Sense about Science ? equipping people to make sense of science and evidence
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- Who will take responsibility?
- The "accuracy" of screening tests
- Hightable with Tracey Brown: Asking for Evidence to make Sense About Science
- EU GM plant cultivation - how did we get to this weird situation?
- PETA says milk is linked to autism
- Beautiful Science
- Who says your diet is chemical free?
- Making sense of a health atlas
- The Welsh proposal to ban e-cigarettes in public places - following evidence trails
- Should we be worried about 'dirty' stethoscopes?
Posted by Ian Bushfield on 18 July 2014
The Government has known that the official statistics are wrong since the Royal Statistical Society raised the issue in the wake of the 2009 H1N1 pandemic. Since then it’s been bounced around departments until we and charities who use and fund research that is affected by this had to write to the Prime Minister calling for action.
I have been trying to track down a response since we sent the letter a month ago. In that time, I’ve repeatedly called Number 10, Department of Health, Ministry of Justice and Home Office, each of whom have sent it to someone else for a response at least once. Number 10 has most recently tasked the Ministry of Justice with providing a response and told us Number 10 won’t be able to help us anymore. Today, the Ministry of Justice told me that a draft response has just been sent to the Minister’s office for sign off and we could possibly expect a response by early next week.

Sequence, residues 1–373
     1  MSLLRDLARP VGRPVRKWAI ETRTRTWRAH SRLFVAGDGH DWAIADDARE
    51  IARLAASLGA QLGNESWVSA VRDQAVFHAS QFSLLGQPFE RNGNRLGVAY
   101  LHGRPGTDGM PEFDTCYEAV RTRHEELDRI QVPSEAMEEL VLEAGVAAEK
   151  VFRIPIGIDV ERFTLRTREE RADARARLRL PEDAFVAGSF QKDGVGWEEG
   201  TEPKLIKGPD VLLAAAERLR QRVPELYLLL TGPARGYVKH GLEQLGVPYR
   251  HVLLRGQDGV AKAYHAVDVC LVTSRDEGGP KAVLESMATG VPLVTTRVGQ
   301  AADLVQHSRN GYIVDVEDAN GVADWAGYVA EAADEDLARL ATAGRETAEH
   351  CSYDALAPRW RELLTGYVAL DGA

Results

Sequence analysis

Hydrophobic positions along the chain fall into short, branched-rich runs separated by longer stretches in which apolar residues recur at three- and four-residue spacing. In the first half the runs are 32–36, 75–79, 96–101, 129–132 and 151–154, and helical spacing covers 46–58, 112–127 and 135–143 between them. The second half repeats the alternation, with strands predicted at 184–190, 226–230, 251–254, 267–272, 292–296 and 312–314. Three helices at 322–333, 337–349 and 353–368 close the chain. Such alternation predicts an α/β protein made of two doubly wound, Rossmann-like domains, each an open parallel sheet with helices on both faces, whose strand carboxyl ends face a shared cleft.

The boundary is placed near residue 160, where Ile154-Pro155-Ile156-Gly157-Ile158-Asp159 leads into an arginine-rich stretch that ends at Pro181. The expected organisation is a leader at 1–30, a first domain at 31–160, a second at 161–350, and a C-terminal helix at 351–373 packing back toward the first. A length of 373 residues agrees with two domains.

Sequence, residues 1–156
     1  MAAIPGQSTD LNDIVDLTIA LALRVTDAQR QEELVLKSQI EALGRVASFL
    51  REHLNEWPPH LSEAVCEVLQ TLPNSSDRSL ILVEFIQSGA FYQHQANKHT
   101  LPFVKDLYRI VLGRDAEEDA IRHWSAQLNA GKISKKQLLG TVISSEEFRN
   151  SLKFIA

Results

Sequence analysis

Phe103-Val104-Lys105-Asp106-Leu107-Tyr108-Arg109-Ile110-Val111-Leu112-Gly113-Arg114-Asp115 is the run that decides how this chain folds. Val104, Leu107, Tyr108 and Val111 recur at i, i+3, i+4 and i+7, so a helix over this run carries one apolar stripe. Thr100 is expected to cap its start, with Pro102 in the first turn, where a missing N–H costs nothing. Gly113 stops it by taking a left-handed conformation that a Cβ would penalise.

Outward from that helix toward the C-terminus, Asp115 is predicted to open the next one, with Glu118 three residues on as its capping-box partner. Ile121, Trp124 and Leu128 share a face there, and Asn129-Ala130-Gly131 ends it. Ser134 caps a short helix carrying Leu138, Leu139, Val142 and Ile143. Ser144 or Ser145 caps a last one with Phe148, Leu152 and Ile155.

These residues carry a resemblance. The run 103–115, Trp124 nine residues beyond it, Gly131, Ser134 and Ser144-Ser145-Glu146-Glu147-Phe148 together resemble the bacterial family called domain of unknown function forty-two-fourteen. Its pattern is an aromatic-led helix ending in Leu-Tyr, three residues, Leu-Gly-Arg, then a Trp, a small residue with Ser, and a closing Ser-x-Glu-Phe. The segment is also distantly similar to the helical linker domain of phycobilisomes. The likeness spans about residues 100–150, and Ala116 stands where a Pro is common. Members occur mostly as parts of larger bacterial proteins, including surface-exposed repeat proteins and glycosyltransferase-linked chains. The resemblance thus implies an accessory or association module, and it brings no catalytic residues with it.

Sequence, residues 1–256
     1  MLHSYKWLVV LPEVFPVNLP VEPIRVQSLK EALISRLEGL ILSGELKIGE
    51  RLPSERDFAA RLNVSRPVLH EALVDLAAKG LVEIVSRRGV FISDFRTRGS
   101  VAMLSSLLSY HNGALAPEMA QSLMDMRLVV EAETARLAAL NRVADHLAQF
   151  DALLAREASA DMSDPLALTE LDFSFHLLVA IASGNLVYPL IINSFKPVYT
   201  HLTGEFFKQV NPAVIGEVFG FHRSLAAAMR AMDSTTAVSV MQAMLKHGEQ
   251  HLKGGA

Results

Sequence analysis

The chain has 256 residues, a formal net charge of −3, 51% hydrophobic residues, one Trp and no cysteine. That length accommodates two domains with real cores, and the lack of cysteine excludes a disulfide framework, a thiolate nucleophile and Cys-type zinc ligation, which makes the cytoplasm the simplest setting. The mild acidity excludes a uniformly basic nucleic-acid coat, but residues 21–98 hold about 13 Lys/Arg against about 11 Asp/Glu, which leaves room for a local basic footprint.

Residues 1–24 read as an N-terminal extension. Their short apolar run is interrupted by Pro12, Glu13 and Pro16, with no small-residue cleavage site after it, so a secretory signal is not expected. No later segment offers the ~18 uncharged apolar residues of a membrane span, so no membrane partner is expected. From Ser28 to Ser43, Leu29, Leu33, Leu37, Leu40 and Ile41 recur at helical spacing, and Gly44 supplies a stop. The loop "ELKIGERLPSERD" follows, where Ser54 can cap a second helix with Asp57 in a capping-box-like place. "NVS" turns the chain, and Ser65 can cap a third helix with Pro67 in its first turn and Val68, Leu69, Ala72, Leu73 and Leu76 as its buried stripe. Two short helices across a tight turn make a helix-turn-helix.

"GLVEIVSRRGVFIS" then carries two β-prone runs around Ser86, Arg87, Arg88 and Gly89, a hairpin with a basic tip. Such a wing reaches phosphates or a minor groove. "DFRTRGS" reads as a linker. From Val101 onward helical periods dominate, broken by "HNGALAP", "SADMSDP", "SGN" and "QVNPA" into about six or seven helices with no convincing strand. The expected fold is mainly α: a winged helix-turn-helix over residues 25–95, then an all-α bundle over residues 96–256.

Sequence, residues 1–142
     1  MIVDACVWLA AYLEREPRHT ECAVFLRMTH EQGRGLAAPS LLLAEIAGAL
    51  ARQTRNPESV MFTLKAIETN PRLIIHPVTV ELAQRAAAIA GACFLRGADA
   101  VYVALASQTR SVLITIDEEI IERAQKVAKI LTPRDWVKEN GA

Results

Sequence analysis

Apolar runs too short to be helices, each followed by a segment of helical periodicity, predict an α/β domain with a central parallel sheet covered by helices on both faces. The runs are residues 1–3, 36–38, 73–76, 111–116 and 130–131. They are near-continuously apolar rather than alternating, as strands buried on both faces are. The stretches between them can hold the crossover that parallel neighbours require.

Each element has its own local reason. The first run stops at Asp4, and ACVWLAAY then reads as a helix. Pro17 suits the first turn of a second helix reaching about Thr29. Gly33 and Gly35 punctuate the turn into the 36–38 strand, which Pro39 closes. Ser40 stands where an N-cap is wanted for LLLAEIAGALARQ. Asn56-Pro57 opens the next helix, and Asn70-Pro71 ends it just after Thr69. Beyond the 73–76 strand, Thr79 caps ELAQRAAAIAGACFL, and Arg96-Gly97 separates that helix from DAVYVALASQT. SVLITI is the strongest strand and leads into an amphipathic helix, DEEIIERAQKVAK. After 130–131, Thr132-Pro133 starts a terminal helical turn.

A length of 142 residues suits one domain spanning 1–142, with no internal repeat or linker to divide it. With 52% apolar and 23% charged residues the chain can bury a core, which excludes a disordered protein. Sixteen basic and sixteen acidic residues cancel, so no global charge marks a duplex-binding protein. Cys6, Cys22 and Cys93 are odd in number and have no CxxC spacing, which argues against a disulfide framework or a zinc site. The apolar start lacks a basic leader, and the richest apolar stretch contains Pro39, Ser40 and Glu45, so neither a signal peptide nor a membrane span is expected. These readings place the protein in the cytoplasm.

Of course, I’ve now been told several times that we could expect a response very soon but one has yet to materialise. I’ll believe it when I see it and in the meantime, the official statistics are still wrong.
Posted by Volunteer on 14 July 2014
This is a guest post by Professor David Colquhoun, FRS
Anything about Alzheimer’s disease is front line news in the media. No doubt that had not escaped the notice of Kings College London when they issued a press release about a recent study of a test for development of dementia based on blood tests. It was widely hailed in the media as a breakthrough in dementia research. For example, the far from accurate BBC report. The main reason for the inaccuracies are, as so often, the press release. It said:
"They identified a combination of 10 proteins capable of predicting whether individuals with MCI would develop Alzheimer’s disease within a year, with an accuracy of 87 percent"
The original paper says
"Sixteen proteins correlated with disease severity and cognitive decline. Strongest associations were in the MCI group with a panel of 10 proteins predicting progression to AD (accuracy 87%, sensitivity 85% and specificity 88%)."